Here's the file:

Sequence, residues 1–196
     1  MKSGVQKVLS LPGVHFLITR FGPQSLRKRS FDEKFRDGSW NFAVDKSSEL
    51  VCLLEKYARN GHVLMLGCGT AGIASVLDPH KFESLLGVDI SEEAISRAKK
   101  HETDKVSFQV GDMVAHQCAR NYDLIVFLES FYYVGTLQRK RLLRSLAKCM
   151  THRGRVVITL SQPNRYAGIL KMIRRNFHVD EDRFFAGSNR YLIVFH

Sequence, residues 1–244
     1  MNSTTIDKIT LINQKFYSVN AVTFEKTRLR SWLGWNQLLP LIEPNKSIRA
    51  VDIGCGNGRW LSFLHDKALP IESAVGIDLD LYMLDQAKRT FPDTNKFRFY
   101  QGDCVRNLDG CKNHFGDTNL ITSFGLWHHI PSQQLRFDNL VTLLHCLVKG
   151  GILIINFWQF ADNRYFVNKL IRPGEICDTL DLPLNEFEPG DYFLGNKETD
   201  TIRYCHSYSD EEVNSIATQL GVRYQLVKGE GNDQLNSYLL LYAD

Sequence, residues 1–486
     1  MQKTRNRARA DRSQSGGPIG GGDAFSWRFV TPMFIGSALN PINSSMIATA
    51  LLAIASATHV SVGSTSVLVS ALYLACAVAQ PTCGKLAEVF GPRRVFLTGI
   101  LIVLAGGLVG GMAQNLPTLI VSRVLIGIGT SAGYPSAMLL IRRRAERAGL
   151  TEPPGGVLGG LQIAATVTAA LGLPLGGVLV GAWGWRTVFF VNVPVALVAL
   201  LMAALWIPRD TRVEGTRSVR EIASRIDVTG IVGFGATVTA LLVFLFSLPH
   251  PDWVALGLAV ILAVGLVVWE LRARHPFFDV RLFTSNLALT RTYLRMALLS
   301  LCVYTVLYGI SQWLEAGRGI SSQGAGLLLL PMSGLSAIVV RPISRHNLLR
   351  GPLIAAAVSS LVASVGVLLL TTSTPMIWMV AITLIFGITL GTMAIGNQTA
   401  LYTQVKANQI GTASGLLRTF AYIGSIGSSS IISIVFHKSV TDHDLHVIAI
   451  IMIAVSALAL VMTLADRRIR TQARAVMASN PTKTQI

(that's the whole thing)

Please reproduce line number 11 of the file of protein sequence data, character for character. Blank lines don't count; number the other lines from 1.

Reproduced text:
   201  TIRYCHSYSD EEVNSIATQL GVRYQLVKGE GNDQLNSYLL LYAD